retail businesses will use social in a far different way to big brands (and often far more successfully,
since they understand the LTV benefit of personal connections and dialogue). And brands that can
credibly drive direct to transaction or add sales are very well placed to demonstrate the value of social;
ASOS or Burberry have some great examples here.
Greggs has a very clear view about using social media to gain customer insight and understanding, and
my global Xbox colleagues do a phenomenal job with the @XboxSupport Twitter handle, which diverts
huge numbers of calls to support centres and therefore delivers significant value to the business.
Once you have a clear view on why you are involved with social media, you can begin to build a
credible ROI/value model for your business.
3. Do you think social media metrics are important for brands and businesses? What do
you think are the most important metrics to track?
They are crucial. The most important metrics to track are the ones that reflect your reason to be
involved with social media, as described already. And then it’s very important to socialise those metrics
in your organisation and ensure you have buy-in from a wide group of stakeholders. Of course, you
should certainly track all the sub-metrics that social allows you to, but you need to be clear on your key
metrics.
At Xbox EMEA we focus equally on two key metrics: Reach and Engagement. We’re fascinated by the
relationship between the two and the factors to which engagement drives reach. We’re currently
building a value/ROI model around these metrics, and we’re looking to increase our emphasis on
customer insight, lifetime value of our fans, and direct transactions.
4. How should brands organize for social media success? Are there any hard and fast
social media guidelines to follow?
Make sure you have an internal champion who is supported by the business. Be clear about what you
are trying to do and what success looks like. Try to keep hands-on content and editorial in-house as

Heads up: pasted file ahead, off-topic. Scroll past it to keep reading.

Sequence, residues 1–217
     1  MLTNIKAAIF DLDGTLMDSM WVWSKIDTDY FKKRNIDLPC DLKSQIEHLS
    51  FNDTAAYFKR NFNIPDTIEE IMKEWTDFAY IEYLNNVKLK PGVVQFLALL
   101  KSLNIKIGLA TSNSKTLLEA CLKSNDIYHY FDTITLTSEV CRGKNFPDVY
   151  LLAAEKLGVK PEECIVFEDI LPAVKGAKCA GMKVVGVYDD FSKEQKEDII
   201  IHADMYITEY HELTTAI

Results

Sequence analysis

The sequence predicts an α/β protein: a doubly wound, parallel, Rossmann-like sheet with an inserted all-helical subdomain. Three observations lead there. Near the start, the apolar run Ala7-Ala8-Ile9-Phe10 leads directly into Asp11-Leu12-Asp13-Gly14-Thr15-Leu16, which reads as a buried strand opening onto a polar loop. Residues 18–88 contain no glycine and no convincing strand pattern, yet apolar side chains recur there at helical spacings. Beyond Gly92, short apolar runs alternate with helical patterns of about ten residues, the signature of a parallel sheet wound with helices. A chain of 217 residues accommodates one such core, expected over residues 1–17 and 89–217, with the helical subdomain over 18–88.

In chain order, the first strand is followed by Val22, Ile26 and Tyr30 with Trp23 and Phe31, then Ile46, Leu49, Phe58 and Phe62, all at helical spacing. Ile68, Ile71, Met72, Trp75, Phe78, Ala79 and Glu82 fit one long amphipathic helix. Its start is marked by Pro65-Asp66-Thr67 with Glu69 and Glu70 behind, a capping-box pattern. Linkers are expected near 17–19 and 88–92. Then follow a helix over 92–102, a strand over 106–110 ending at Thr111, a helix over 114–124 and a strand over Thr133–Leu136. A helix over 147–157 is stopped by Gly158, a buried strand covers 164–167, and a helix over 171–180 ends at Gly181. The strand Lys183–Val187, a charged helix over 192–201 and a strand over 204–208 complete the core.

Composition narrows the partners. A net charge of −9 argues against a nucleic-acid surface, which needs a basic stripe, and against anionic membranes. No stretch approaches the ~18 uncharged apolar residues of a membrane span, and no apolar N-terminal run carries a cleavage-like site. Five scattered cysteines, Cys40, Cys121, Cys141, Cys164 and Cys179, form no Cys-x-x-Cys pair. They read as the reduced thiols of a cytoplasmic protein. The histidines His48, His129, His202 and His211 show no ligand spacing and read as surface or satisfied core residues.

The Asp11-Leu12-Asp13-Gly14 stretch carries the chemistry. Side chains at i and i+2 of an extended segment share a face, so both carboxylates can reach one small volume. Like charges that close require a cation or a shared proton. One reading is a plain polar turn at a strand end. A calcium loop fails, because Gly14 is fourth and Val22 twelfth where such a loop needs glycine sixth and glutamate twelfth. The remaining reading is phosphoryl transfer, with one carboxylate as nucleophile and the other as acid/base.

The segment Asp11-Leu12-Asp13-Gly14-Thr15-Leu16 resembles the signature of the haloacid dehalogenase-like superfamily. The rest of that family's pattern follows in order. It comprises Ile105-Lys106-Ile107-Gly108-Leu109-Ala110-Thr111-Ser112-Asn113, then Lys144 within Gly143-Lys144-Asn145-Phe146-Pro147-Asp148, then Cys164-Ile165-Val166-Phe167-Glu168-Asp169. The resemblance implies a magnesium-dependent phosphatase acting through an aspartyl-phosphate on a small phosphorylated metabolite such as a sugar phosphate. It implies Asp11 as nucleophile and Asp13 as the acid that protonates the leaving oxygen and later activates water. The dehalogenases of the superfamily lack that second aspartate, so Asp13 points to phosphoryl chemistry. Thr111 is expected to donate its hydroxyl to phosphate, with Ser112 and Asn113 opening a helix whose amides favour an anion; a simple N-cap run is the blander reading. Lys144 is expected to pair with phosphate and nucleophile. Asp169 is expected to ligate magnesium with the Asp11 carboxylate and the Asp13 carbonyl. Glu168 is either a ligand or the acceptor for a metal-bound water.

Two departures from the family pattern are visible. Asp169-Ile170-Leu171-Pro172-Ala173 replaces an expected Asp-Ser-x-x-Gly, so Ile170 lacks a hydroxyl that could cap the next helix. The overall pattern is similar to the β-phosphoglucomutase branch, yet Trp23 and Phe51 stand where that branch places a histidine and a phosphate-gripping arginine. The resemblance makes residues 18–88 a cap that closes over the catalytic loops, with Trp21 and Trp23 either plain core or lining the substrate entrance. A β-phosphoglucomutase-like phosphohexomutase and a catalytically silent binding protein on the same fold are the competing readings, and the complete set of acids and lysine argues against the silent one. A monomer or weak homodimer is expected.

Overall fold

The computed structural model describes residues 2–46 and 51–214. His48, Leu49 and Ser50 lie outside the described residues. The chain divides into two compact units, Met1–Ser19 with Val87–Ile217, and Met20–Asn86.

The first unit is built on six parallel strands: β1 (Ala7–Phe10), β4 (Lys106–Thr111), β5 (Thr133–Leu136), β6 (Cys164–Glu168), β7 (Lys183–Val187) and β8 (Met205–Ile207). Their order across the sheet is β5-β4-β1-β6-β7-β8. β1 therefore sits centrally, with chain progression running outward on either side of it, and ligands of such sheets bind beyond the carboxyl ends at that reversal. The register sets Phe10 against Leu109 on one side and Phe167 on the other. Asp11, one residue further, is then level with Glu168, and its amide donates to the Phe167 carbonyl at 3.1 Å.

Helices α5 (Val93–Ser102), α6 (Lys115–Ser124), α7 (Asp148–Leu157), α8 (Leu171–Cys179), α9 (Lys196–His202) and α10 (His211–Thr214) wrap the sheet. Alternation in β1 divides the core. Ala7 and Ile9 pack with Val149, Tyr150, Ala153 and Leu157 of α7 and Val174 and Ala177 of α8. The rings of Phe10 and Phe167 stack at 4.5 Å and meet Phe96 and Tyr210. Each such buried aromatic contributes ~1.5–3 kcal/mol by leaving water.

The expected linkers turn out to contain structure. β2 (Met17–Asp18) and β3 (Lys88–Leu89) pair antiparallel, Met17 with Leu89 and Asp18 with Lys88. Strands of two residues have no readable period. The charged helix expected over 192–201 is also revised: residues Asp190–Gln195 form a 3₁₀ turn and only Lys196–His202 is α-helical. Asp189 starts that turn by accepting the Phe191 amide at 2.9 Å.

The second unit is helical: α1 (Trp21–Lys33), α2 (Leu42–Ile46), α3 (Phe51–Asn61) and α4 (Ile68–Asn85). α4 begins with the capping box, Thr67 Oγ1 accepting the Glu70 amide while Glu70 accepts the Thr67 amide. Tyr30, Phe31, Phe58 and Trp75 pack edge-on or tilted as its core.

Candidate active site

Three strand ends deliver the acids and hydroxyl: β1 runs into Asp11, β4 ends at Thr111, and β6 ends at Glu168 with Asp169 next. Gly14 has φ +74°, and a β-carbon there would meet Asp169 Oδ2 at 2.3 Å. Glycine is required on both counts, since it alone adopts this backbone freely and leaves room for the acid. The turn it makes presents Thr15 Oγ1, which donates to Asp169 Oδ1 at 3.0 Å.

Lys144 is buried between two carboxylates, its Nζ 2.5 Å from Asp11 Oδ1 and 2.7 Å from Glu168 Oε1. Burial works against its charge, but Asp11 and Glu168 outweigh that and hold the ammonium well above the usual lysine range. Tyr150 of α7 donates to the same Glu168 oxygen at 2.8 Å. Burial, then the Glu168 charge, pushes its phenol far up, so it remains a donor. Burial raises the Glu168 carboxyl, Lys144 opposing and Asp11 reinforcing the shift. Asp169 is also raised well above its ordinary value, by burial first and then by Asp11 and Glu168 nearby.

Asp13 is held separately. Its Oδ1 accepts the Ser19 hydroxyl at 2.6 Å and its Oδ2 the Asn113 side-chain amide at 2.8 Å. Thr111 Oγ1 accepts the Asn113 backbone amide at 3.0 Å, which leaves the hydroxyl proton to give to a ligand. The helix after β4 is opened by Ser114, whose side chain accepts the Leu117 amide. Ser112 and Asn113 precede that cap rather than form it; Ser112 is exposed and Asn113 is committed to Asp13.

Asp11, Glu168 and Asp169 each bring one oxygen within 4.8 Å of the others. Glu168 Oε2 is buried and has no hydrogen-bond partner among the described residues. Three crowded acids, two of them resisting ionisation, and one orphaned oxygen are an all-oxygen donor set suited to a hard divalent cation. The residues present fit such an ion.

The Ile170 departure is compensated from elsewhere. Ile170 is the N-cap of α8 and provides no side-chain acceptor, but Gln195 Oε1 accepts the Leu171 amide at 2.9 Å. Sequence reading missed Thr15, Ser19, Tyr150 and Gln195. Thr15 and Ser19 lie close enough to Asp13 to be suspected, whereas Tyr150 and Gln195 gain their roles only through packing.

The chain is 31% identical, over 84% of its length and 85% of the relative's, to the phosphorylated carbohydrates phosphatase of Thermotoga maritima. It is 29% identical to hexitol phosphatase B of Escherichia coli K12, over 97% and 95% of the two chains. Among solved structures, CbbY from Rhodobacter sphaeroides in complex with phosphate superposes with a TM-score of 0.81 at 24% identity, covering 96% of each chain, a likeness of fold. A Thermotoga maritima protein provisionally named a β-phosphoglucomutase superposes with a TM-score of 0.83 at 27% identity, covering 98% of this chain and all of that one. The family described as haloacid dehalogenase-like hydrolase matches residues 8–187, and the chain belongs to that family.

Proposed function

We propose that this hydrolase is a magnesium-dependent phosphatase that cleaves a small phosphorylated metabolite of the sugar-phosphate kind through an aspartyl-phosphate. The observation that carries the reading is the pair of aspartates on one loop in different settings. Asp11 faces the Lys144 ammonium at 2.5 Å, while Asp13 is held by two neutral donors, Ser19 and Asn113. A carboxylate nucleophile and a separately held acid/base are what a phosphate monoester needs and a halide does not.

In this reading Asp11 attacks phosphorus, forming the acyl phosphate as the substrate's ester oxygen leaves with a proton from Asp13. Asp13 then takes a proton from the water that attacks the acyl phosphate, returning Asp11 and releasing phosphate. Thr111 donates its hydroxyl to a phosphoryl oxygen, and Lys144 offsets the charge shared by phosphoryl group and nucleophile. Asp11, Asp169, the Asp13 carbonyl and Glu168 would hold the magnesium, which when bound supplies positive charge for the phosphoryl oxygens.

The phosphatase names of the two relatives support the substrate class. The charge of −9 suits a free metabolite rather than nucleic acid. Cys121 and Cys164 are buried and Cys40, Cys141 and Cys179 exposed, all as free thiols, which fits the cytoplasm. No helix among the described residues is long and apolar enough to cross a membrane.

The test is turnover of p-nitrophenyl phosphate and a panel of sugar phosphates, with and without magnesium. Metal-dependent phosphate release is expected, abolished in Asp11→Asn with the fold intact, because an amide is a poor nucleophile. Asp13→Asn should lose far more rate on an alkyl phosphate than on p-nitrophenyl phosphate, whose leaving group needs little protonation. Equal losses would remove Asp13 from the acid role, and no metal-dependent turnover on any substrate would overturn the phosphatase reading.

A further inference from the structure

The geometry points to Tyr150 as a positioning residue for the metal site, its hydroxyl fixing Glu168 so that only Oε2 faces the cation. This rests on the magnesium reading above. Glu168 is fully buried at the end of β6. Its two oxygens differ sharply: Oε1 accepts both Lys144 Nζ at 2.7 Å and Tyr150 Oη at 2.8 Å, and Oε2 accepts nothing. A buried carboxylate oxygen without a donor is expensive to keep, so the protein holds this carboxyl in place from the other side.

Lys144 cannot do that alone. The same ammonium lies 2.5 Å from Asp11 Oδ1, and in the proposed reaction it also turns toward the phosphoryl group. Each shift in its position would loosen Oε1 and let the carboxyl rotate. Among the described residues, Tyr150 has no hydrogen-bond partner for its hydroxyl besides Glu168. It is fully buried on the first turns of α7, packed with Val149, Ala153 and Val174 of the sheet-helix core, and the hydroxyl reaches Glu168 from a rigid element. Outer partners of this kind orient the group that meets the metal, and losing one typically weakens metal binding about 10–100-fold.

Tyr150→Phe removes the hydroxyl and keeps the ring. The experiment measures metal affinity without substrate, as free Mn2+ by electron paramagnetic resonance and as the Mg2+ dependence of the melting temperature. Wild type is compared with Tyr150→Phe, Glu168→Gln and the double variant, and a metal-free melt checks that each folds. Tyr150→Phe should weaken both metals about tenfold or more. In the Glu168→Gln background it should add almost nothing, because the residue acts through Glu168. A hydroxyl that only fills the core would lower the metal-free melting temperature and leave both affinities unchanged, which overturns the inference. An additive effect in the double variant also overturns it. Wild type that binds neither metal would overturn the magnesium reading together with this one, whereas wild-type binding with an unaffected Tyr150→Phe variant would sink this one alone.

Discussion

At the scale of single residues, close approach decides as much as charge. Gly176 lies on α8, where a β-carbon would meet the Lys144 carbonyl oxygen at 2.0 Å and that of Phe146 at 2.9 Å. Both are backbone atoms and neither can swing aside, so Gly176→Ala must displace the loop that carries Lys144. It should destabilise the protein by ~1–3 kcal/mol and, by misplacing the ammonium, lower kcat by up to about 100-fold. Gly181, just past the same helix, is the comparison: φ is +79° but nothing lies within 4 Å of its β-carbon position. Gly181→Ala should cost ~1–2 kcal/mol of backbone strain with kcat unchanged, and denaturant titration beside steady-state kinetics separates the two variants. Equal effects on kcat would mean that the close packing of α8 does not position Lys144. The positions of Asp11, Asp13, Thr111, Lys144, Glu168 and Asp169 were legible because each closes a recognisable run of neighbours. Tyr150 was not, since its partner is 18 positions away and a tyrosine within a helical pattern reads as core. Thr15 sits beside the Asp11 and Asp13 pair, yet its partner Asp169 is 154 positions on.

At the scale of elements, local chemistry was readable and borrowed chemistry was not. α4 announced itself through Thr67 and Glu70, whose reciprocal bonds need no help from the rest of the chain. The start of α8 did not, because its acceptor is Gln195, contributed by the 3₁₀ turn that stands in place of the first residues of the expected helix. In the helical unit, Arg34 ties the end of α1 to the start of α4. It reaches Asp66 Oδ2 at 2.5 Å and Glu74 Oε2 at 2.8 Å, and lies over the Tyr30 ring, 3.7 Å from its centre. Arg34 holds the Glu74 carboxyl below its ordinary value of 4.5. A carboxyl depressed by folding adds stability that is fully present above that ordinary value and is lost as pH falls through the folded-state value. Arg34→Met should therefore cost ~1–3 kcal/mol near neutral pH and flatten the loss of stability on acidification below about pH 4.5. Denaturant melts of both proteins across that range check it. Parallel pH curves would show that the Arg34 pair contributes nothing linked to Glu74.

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much as you can and if you can’t, make sure your agency are incredibly connected to the brand and
that you have a good crisis management plan in place. Work with people who genuinely care about
social and aren’t blinded by the dazzle of it all. Learn fast and be honest about stuff that didn’t work very
well. Measure, measure, measure. Report, report, report. And move quickly to build a ROI/value model!
5. It seems like every day there is a new network being launched. And they are becoming
much more specific. How can a business owner know where to direct their efforts?
Wait and watch. It looks cool for brands to be involved with the hot new social media platform, and you
might get some coverage in the trade press, but you’re unlikely to make a difference to your customers
in the short term. That said, if there’s a clear and measurable benefit to your customers by your
presence on a new or small social media platform, go for it.
6. How do you measure the ROI of social media? Is there an effective way to marketing
success?
You have to define this based on what you want to achieve. Just like any other form of marketing, your
ROI is based on your objectives and the targets associated with those objectives. If you’re looking for a
quick way to assign a big value to every Like on your Facebook page, you should probably spend that
time thinking about why you want Likes on your Facebook page.
I think we all need to stop holding a gun to social media’s head. We need to view it less as a marketing
Johnny-come-lately that needs to prove itself with a sexy new ROI model, and instead apply to it the
same measures, metrics and diligence that we apply to our other marketing channels. There is good
marketing with sensible, considered spends that create measurable results. There is bad marketing
which doesn’t connect with the customer and pours money down the drain. Bad marketing did not arrive
at the same time as social media.
Future
1. What does the future of digital innovation look like in the next five years?
I think social is here to stay in the digital world. Not necessarily social media as we know it now, but
social as an inherent connecting part of your digital experience. Google+, Facebook and even Twitter
are clearly moving in this direction, but I think we’ll continue to see decentralised digital experiences
connected by social platforms. I’m excited to see that Xbox is already embracing this, both as a product
and in our marketing.
2. Finally, what does 2012 hold for you and Xbox Social?
An increased focus on the value of social media to the business, and a continued desire to engage our
social media fans in the most valuable way – for them and for us.
Thank you very much, Graeme!
Ivan Fernandes, Global Director, Social Media Technology at MediaCom Worldwide
@MediaComSMM
http://uk.linkedin.com/pub/ivan-fernandes/2/a7/833